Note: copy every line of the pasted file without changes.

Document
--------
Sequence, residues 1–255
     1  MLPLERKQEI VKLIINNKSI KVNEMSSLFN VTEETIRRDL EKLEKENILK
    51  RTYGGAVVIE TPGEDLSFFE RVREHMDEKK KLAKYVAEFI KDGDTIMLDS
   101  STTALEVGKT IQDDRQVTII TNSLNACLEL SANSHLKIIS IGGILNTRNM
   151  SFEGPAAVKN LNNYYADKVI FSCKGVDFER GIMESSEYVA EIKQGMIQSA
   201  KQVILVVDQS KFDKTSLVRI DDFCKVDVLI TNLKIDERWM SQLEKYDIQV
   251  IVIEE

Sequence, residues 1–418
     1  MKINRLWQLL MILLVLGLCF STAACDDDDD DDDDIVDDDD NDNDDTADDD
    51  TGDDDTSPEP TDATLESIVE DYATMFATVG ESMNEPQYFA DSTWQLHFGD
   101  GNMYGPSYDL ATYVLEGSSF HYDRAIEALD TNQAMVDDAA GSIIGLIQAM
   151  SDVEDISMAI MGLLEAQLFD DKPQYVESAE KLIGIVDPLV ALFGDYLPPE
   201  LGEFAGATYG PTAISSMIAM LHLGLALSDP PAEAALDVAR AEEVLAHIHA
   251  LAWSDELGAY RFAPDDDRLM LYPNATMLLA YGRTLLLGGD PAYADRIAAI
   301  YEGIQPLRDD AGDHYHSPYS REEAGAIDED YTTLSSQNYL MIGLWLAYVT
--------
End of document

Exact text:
Sequence, residues 1–255
     1  MLPLERKQEI VKLIINNKSI KVNEMSSLFN VTEETIRRDL EKLEKENILK
    51  RTYGGAVVIE TPGEDLSFFE RVREHMDEKK KLAKYVAEFI KDGDTIMLDS
   101  STTALEVGKT IQDDRQVTII TNSLNACLEL SANSHLKIIS IGGILNTRNM
   151  SFEGPAAVKN LNNYYADKVI FSCKGVDFER GIMESSEYVA EIKQGMIQSA
   201  KQVILVVDQS KFDKTSLVRI DDFCKVDVLI TNLKIDERWM SQLEKYDIQV
   251  IVIEE

Sequence, residues 1–418
     1  MKINRLWQLL MILLVLGLCF STAACDDDDD DDDDIVDDDD NDNDDTADDD
    51  TGDDDTSPEP TDATLESIVE DYATMFATVG ESMNEPQYFA DSTWQLHFGD
   101  GNMYGPSYDL ATYVLEGSSF HYDRAIEALD TNQAMVDDAA GSIIGLIQAM
   151  SDVEDISMAI MGLLEAQLFD DKPQYVESAE KLIGIVDPLV ALFGDYLPPE
   201  LGEFAGATYG PTAISSMIAM LHLGLALSDP PAEAALDVAR AEEVLAHIHA
   251  LAWSDELGAY RFAPDDDRLM LYPNATMLLA YGRTLLLGGD PAYADRIAAI
   301  YEGIQPLRDD AGDHYHSPYS REEAGAIDED YTTLSSQNYL MIGLWLAYVT